Occam’s Razor (also spelled Ockham’s Razor) cuts through complexity with a pragmatic approach. The philosophical maxim “Numquam ponenda est pluralitas sine necessitate”, written by the 14th century Franciscan friar William of Ockham, translates to “Plurality should never be posited without necessity”. In other words, all things being equal, simplicity is best.
So is it really true? Is the simplest explanation usually the best?
Not exactly. Ockham never said that complexity is inherently inferior to simplicity, nor did he say that complex explanations are inherently wrong. Complex scientific questions often require complex answers, and that’s not at odds with Occam’s razor. The principle simply states that unnecessary complexity is, well, unnecessary.
“Occam’s razor is to find the simplest solution that works”, Johnjoe McFadden (opens in a new tab)professor at the University of Surrey in the UK and author of the book “Life is Simple: How Occam’s Razor Unleashes Science and Shapes the Universe (opens in a new tab)” (Basic Books, 2021), Live Science said in an email. “It never fails as long as you remember the necessity clause.”
Ockham was not the first (opens in a new tab) promote simplicity. Aristotle held that “the most limited, if adequate, is always preferable”, and Ptolemy considered it better “to explain phenomena by the simplest possible hypothesis”. Some three centuries after the genesis of Occam’s razor, Isaac Newton declared that “we should only admit for natural things causes that are both true and sufficient to explain their appearances”. About 200 years later, Albert Einstein would agree that “everything should be made as simple as possible, but not simpler” (which is, in fact, a simplification of his original quote (opens in a new tab)).
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When used correctly, Occam’s razor works. If two computer programs perform the same task, the one that contains the least code is necessarily the most efficient. The simplest medical diagnosis is usually correct; hospital interns are often taught to think of horses, not zebras, when they hear hoofbeats. An involvement of the second law of thermodynamics (disorder increases for any spontaneous process) is that these processes always consume as little energy as possible.
“Copernicus proposed the heliocentric model of the solar system solely on the basis that it was simpler,” McFadden said. “The existence of a single Higgs boson was the simplest solution to the equations of particle physics. Between these points are a thousand scientific advances that depended on simplicity.”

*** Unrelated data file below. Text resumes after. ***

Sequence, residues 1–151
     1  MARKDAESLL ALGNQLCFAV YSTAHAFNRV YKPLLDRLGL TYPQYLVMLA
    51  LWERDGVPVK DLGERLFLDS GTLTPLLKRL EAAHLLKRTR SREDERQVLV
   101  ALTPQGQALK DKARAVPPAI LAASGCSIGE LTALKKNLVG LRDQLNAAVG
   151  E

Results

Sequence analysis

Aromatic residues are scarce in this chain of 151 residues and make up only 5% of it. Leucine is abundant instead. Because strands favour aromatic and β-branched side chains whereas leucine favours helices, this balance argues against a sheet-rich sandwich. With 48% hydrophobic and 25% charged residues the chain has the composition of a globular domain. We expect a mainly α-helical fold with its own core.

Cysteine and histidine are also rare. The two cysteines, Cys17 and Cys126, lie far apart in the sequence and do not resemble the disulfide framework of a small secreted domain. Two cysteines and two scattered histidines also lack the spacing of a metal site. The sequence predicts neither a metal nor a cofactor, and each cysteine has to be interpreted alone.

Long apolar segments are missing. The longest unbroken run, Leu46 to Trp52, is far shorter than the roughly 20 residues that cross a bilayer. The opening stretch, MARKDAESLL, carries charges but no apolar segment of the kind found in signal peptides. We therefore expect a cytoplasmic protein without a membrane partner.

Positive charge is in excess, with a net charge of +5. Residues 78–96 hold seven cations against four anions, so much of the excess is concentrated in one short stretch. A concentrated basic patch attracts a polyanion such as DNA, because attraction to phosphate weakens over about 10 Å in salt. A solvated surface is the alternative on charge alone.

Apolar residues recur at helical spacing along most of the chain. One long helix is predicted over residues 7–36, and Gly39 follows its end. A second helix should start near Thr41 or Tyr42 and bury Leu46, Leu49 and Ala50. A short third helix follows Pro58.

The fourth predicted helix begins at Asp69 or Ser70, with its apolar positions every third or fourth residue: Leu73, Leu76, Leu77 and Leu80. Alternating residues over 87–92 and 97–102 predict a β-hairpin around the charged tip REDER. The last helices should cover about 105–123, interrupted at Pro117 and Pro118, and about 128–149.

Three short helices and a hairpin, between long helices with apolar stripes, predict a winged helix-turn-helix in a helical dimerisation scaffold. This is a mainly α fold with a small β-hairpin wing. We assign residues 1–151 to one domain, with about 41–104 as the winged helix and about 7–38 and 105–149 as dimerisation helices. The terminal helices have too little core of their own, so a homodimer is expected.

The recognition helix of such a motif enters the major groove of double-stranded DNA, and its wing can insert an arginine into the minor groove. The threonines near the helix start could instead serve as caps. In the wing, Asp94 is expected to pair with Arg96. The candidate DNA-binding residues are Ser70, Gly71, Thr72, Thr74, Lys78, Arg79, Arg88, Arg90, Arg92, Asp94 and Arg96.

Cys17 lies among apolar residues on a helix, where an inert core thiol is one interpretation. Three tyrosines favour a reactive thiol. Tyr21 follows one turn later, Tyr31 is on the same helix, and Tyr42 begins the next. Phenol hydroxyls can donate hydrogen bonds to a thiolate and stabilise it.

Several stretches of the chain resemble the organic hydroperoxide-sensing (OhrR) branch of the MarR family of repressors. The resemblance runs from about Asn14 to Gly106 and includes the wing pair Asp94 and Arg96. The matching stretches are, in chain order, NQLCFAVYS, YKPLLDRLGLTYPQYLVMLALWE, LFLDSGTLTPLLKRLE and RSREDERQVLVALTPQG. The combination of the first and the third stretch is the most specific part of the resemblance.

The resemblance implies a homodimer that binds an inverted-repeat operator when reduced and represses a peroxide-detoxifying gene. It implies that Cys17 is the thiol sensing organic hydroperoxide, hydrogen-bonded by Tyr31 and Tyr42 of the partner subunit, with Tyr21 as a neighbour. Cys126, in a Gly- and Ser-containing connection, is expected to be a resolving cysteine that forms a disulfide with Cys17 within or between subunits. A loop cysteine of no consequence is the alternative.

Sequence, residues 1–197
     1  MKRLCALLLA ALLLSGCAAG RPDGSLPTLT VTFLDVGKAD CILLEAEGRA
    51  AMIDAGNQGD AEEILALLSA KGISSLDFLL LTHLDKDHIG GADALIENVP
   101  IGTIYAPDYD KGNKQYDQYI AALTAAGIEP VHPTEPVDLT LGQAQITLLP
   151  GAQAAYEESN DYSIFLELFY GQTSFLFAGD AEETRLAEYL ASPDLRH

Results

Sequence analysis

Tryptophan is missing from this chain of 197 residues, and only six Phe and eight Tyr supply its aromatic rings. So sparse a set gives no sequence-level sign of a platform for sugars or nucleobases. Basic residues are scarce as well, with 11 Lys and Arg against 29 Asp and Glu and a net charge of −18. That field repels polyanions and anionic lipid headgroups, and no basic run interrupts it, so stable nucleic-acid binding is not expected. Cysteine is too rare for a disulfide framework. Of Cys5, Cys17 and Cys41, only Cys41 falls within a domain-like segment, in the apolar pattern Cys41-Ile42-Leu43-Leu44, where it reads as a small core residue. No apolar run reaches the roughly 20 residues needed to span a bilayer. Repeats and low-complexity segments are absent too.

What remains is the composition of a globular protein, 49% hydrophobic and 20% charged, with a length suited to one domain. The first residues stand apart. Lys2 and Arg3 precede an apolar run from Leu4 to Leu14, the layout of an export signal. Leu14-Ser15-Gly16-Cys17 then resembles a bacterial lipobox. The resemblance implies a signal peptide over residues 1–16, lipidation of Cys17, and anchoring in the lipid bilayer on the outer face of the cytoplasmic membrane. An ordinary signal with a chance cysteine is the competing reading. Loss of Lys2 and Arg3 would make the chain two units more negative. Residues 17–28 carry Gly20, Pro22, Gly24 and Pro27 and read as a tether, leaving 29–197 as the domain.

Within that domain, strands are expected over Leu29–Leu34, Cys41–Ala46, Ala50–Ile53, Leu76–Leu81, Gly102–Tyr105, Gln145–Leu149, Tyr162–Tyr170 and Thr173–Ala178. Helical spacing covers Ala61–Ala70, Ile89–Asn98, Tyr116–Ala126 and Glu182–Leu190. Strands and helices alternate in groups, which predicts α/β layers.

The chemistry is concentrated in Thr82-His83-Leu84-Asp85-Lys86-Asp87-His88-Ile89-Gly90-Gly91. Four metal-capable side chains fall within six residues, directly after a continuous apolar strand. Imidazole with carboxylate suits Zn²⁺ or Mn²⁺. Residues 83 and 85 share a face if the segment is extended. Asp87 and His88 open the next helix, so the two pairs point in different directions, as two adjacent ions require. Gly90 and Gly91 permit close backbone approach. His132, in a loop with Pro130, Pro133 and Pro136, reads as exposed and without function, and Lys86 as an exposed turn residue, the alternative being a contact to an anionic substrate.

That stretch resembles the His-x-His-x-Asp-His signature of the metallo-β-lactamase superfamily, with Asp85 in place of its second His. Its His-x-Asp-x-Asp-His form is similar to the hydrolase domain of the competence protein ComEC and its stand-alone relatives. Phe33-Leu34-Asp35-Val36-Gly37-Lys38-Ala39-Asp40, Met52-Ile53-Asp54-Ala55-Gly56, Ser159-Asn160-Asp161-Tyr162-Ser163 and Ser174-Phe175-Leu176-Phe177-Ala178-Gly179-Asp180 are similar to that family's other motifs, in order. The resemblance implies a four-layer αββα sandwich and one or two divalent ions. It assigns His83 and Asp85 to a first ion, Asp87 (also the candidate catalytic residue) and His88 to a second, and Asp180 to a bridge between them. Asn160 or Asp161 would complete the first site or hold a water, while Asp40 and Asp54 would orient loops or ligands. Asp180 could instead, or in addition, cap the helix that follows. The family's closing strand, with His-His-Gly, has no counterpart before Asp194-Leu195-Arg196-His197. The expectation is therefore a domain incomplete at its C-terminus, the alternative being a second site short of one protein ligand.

When misused, however, Occam’s razor can become a blunt instrument of overgeneralization. Principle does not mean, for example, that we blindly follow the simplest theory, whether good or bad. “Very often the simplest assumption is too simple,” Elliot sober (opens in a new tab)professor of philosophy at the University of Wisconsin-Madison and author of the book “Ockham’s Razors: User’s Manual” (opens in a new tab) (Cambridge University Press, 2015), Live Science said in an email. “The simplicity of a hypothesis is one consideration, among others, that is relevant in assessing whether a hypothesis is true.”
When it comes to data science, Occam’s razor may cause more problems than it solves. In this case, “the simplest approach is usually wrong,” said Pedro Domingues (opens in a new tab), professor emeritus of computer science and engineering at the University of Washington in Seattle. When Domingos investigated the applicability of Occam’s Razor to machine learning in the early 2000s, he discovered that a more simple (opens in a new tab) model (opens in a new tab) is superior to a complex only if it is equally good at predicting new data.
“As modern machine learning has shown time and time again – in model sets, deep learning, etc. – it’s usually the more complex approach that is correct,” Domingos told Live. Science in an email.” And that’s no surprise; the phenomena we model are almost always more complex than the models, and the closer we get to their true complexity, the more accurate the models.”
Still, Occam’s razor remains a useful tool for cutting the fat off of voluminous assumptions, at least in our day-to-day lives. “The universe is a complicated place, but it’s sometimes made more complicated by the invention of complicated explanations that suit a particular ideology, philosophy, or political persuasion,” McFadden said. “Occam’s razor tells you to forget all about it.”